Nonpareil sharpie for sale in Kent
You don’t see a sharpie in the UK too often, and a Clapham-style Nonpareil sharpie’s even rarer – even though they’re clearly a good form for large areas of our coastline.
From memory, this particular boat for sale was designed by Colin Mudie and has been used for pleasure trips – but would nevertheless make the basis for a very nice centreboard cruiser, and would therefore would be perfect for the East Coast.
Heck, if I had the time to work this boat up into a suitable cruiser, I’d certainly consider buying it…
For more photos and information see http://www.wildlifesailing.com .
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‘We went alone, with barely a hundred fathoms of line, in case he should take it into his head to sound again. The speed at which we went made it appear as if a gale of wind was blowing, and we flew along the sea surface’
Everyone’s heard of Melville’s blockbusting novel Moby Dick – but perhaps fewer know about Frank T Bullen’s real-life description The Cruise of the Cachalot or Round the world after sperm whales.
My copy was published in 1901 and I think it’s a piece of work that brilliantly captures the cruelty, fear, hardships and excitements the whalers must have known while about their ghastly trade. Here’s a short chapter that I hope makes the point – do take time out to read it; I don’t think you’ll be disappointed.
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‘The Water gained upon us fast… before day light, I was obliged to Order the People on the Quarter Deck & Poop, the Water being up to the Cills of the Upper Deck, and as the Ship rolled, struck with so much violence against the Quarter Deck, as to break several of the Beams… About 8 o’Clock in the Morning, I had the pleasure to see several Boats coming to our assistance’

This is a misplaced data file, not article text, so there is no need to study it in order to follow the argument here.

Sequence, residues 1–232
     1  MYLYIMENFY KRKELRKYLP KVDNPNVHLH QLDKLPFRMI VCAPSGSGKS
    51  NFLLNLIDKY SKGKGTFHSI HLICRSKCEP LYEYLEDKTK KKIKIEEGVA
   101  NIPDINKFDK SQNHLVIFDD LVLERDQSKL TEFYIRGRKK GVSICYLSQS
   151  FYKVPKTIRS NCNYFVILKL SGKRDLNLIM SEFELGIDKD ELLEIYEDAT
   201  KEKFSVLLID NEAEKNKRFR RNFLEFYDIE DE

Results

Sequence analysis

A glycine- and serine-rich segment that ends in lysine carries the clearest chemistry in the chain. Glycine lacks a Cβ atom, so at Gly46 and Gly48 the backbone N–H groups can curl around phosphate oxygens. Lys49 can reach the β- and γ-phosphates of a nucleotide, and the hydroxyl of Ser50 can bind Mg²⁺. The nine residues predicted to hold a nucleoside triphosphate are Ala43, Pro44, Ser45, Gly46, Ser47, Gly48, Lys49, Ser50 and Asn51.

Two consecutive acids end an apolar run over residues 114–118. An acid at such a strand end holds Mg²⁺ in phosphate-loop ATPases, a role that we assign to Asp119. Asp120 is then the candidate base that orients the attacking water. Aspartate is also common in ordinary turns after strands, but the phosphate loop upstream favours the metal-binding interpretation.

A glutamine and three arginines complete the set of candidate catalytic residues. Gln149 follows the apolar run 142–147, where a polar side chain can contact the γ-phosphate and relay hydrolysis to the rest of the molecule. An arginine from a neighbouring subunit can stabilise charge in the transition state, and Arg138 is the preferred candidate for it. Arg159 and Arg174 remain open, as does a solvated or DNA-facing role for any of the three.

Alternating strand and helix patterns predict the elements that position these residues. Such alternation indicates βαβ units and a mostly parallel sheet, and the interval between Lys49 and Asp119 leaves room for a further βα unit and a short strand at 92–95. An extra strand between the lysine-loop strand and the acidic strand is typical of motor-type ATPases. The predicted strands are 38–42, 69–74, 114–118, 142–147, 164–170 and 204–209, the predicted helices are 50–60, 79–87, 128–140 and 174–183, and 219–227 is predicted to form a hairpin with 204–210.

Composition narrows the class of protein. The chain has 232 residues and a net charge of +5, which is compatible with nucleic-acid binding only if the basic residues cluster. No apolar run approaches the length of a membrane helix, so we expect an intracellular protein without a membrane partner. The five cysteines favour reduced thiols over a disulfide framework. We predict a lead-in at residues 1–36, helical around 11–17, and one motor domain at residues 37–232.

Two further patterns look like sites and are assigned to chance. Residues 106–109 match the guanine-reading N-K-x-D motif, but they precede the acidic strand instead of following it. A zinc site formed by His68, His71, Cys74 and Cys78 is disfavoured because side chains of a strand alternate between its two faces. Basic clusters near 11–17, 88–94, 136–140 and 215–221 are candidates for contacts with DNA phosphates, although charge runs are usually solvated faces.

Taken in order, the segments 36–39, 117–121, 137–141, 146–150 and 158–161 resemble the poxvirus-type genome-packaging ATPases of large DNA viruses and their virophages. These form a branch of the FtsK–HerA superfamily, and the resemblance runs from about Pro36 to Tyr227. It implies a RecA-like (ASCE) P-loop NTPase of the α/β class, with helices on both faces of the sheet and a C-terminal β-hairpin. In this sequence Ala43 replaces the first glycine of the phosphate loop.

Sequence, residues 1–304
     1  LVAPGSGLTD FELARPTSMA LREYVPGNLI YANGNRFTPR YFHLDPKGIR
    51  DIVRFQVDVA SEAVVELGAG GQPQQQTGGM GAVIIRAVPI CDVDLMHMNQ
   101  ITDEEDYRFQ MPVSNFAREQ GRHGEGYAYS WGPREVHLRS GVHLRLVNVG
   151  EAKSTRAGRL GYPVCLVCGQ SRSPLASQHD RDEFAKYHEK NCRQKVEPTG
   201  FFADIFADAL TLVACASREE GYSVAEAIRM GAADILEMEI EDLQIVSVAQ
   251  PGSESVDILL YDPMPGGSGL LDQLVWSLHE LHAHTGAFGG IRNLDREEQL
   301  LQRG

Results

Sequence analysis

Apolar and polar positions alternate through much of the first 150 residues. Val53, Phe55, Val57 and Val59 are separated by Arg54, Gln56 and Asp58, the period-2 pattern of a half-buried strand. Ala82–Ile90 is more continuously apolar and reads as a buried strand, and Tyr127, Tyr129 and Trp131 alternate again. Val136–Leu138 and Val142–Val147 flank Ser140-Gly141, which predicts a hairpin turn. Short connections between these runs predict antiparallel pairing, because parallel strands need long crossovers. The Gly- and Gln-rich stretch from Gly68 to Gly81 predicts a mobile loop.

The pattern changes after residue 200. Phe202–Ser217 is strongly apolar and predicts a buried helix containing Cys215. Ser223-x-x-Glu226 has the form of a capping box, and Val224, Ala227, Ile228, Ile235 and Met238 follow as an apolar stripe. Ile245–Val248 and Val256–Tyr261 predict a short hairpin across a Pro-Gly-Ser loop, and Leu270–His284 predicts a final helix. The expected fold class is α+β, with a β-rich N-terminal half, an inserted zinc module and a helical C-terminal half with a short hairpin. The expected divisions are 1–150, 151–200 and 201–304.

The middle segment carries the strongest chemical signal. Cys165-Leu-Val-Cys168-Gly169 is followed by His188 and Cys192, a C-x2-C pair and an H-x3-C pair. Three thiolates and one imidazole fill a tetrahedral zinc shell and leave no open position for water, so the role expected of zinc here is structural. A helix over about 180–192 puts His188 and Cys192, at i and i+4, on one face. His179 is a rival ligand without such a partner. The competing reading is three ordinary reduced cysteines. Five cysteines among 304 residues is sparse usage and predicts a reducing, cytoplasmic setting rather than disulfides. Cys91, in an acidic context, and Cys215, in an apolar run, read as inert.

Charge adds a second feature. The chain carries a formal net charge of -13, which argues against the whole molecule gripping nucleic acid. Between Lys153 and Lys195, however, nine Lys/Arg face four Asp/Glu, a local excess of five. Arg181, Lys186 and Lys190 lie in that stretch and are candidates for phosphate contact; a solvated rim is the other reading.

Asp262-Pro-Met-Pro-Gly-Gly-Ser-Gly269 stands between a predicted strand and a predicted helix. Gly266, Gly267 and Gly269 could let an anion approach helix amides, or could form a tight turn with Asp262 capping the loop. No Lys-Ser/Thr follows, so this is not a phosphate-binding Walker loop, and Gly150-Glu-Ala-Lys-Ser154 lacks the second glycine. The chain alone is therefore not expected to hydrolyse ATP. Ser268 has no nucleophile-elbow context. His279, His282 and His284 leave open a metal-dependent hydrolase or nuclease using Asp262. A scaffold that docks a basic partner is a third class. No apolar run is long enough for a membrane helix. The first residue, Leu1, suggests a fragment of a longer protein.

So wrote Captain George Murray describing the events leading up to the 1797 sinking of HMS Colossus while anchored off the Scilly Isles. The horrific story is vividly described in an extract from the ship’s log included in an appendix to an impressive archaeological survey, and it makes harrowing reading until rescue comes in sight.
See a pdf file of the survey here; the story of the sinking appears on page 94 onwards.
My thanks to Martin Corrick of the Openboat Yahoogroup for spotting and reporting this astonishing piece of material.
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